In the 1930s, the world witnessed the creation of new politics of representation closely tied to totalitarian governments. The artists of the time, defined with respect to these regimes, made use of the mass media to reconfigure a visual culture that crossed and surpassed their own formal limits. Acquiring significant meaning where it was received, in forms as diverse as textile and postal art and at international fairs, visual culture became a media phenomenon that reached a multitude of places and people. Publicity, design, cinema and postal art became commonly used tools for creators, although this did not mean that they abandoned other media like painting. While they adjusted to the semantic preferences of the political moment, they continued the formal and conceptual searches of the era.

Images, the bearers of more than just visual information, were presented as a stimulus for thought, the development of political ideals and the forging of a collective upheaval. As explained by the specialists who were interviewed on the occasion of the international seminar, Encounters with the 1930s, held in March 2011 at the Museo Reina Sofía, visual culture underwent a deep transformation instigated by the hybridisation of the media and its usual channels of representation. The 1930s produced a kind of art that did not refer only to itself, but also to its surroundings, a visual culture that serves, therefore, as a living witness to an era and certainly laid the path to the present day, where after more than seven decades, the media and politics continue their joint journey.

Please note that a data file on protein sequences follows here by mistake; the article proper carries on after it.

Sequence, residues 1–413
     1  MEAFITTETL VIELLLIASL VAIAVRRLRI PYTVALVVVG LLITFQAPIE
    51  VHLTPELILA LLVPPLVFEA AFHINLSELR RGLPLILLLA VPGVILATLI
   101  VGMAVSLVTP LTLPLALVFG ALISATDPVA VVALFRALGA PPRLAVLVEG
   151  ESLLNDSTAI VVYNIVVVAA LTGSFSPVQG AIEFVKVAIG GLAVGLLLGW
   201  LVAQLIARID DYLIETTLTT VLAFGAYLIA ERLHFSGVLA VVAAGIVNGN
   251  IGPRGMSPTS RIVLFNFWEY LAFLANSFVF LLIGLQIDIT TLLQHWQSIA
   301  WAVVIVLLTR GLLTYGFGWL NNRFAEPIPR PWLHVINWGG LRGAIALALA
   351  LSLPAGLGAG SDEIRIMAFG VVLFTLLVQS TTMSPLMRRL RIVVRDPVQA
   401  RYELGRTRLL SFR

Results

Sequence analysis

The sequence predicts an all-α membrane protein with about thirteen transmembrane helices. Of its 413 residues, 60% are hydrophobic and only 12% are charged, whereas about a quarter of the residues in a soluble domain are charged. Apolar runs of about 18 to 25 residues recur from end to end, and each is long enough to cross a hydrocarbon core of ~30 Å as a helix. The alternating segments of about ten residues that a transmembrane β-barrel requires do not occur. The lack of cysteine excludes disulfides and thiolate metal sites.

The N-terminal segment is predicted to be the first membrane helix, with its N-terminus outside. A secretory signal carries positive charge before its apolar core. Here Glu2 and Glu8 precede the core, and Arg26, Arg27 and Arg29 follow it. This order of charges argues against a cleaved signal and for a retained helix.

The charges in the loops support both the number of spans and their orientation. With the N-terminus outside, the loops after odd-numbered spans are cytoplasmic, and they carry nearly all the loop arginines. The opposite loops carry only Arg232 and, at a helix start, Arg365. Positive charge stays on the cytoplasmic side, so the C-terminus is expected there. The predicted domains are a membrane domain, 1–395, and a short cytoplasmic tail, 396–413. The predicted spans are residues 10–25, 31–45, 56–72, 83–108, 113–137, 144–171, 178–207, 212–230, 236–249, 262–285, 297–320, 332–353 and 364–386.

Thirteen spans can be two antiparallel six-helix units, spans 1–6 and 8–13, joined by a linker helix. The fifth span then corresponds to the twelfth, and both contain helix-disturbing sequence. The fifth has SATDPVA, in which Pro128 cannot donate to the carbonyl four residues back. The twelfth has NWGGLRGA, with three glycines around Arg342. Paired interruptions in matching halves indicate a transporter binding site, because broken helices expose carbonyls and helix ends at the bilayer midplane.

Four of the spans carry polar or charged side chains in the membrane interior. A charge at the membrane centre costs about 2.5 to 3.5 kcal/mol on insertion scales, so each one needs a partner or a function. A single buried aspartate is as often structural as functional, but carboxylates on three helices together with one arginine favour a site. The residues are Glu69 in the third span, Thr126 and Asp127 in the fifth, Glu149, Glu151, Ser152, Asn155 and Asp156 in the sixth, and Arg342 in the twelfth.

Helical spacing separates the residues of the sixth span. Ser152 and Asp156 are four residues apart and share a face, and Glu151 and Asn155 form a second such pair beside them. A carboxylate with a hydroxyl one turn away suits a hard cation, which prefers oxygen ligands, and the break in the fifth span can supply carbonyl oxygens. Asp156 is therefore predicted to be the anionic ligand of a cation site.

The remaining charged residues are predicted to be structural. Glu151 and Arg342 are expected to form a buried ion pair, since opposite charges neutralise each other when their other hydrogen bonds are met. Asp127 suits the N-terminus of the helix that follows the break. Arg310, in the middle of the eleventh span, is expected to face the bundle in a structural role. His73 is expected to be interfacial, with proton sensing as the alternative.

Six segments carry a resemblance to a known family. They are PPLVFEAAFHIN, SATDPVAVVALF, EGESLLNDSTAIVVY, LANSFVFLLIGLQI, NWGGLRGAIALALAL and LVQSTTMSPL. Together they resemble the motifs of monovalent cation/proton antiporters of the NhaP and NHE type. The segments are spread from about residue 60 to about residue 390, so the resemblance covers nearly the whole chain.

Código copiado al portapapeles.
María Andueza
Luis Mata
Creative Commons by-nc-sa 4.0